Idea #4: Create a Local Food Bill
Emulate Illinois and pass a Local Food, Farms and Jobs Act. Wannabe party leaders, take note!
- Idea #1: The Green Hawks Are Coming
- Idea #2: Higher Ed Reaches the Tech Tipping Point
- Idea #3: Let's You and Me Transform the CBC
- Idea #4: Create a Local Food Bill
- Idea #5: A New Grub Street for Vancouver
- Idea #6: Harm Reduction Moving Mainstream
- Idea #7: Revive the Root Cellar
- Idea #8: A Train for Canada's Birthday
- Idea #9: Nanocellulose, the Next Big Wood Product
- Idea #10: We've Entered the Age of Energy-Intensive Oil
[Editor's Note: This is the latest in our series of 10 New Ideas for 2011, creative thinking for improving our lives and communities. The articles run Dec. 20 until Dec. 31.]
Most governments tend to view farming as an activity best left to market forces. Sure, it will drop some dough on trade missions (to help sell made-in-B.C. beef to Asia) or adaptation (like helping Okanagan growers replace apple trees with grape vines) but to intentionally shape a sovereign food system? Isn't that, like, Maoism?
The state of Illinois sees things a little differently. Facing an economy devastated by the recession and collapse of the auto industry, the state has actually embraced its strong agricultural base as an economic life raft. The city of Detroit's burgeoning urban farming scene has been widely covered by major publications like the New York Times and Fast Company.
And in August 2009, the Illinois House of Representatives passed a less publicized but indeed landmark piece of legislation that could help create a whole bunch of Detroits across the state.
It's called the Local Food, Farms and Jobs Act (House Bill 33990) and it put into law three main policies to help create a strong state-wide food system. First, the law creates a council that is funded to implement a "grown-in-Illinois" certification and labelling program. Second, the law creates an arms-length agency to help identify gaps in, and support, the infrastructure requirements of an in-state food distribution system. Third, the law directs all state agencies (hospitals, schools, prisons) to purchase 20 per cent of their food locally by 2020, even if they have to pay a premium for it.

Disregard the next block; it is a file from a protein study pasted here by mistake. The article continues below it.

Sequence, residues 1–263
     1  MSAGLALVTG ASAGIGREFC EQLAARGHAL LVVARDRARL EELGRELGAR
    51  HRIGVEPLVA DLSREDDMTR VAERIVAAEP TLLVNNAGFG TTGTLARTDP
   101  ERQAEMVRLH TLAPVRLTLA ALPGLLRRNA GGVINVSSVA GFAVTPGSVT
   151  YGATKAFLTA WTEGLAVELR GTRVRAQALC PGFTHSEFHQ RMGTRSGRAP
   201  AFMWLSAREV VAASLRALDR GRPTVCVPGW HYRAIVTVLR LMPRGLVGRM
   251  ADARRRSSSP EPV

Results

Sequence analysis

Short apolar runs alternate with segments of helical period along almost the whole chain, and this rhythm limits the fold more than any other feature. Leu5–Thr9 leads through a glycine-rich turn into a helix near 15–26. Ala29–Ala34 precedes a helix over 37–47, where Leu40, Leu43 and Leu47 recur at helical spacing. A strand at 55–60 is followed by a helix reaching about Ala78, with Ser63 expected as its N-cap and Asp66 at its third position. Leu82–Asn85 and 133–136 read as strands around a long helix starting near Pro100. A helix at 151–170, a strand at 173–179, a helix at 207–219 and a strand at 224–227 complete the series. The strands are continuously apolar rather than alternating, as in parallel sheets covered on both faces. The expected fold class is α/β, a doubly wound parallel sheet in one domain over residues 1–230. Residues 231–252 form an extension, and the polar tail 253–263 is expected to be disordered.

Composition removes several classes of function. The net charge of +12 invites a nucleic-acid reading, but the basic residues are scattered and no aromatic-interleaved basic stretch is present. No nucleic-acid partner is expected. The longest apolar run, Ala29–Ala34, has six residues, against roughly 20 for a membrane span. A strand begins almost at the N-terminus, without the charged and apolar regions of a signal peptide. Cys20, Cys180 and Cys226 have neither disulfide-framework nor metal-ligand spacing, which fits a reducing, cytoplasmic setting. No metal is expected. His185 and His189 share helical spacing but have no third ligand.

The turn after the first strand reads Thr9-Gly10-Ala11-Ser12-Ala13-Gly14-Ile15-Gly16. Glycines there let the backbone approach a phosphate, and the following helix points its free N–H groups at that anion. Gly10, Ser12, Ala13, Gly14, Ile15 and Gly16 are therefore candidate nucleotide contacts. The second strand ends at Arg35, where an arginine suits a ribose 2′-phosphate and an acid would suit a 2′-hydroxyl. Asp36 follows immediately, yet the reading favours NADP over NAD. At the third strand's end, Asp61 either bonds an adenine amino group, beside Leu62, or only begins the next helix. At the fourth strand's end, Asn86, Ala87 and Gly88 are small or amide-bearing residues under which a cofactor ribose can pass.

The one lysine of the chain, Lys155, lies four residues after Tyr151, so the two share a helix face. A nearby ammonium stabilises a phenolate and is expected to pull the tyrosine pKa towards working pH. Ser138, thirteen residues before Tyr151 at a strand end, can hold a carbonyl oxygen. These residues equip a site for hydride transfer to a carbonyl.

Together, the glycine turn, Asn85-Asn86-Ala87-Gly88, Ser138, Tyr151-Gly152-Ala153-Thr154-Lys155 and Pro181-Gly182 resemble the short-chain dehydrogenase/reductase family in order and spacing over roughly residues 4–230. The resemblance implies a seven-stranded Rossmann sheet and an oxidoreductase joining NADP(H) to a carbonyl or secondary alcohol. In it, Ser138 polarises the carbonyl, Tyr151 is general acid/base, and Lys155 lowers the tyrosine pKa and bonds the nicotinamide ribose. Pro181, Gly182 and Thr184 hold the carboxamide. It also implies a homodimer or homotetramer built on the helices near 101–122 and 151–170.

The act is the result of two years of work by a state-commissioned advisory council whose first question was to figure out why, in a state home to 76,000 farms, only four per cent of the food consumed there is actually from there. What it found was that, while local food systems are flourishing at a community level (think farmers' markets and CSA's) large commercial buyers find it hard to source local food in the quantities they require.
"Illinois' predominant farm and food system," the task force found "is designed to serve distant markets, not link farm production with in-state markets."
Local Food Plus: A model for Canada
North of the border, an organization called Local Food Plus (LFP) http://localfoodplus.ca/ is trying to tackle this same problem with a similar approach: identify local sustainable farmers, and connect them with large commercial buyers. LFP has created a certification and labeling system for local sustainable food, and it's made some inroads with large institutions like the University of Toronto (which has one residence buying 22 per cent of its food from local sustainable sources) and the City of Markham, which recent signed on to procure 10 per cent of its food from local sources.
"These institutions are spending millions of dollars on food every year," executive director Stahlbrand told The Tyee. "We write the language that goes into the requests for proposals for food service contracts. It helps to scale up the whole system, it helps to educate the public through these institutions, it's a part of how these institutions can meet their climate change requirements." But it's all voluntary; nobody has to work with Local Food Plus, and it definitely requires a champion from within the organization that is willing to fight for this policy, says Stahlbrand. LFP is also targeting individual consumers with a recently-launched campaign called Buy It to Vote, which asks people to shift 10 dollars a week of what they'd spend on groceries to local, sustainable food.
"If 10,000 people in B.C. were to do that... you would have offset enough greenhouse gas emissions to be the equivalent of taking 400 cars off the road for good," says Stahlbrand. "You would have pumped enough new money into the local economy to create 100 new jobs." New jobs? Dollars pumped into the local economy? Lowered greenhouse gas emissions? Sounds like a great campaign strategy for B.C.'s new premier. But instead of just paying lip service to the province's farmers, let's get him or her to put it in writing.
[Editor's Note: As per Tyee tradition in recent years, we've closed the comment section for the holidays. Thank you all for creating such a thoughtful, alive and insightful conversation this year. We look forward to more of the same in the next. To you and yours, a local-food-filled happy holidays!]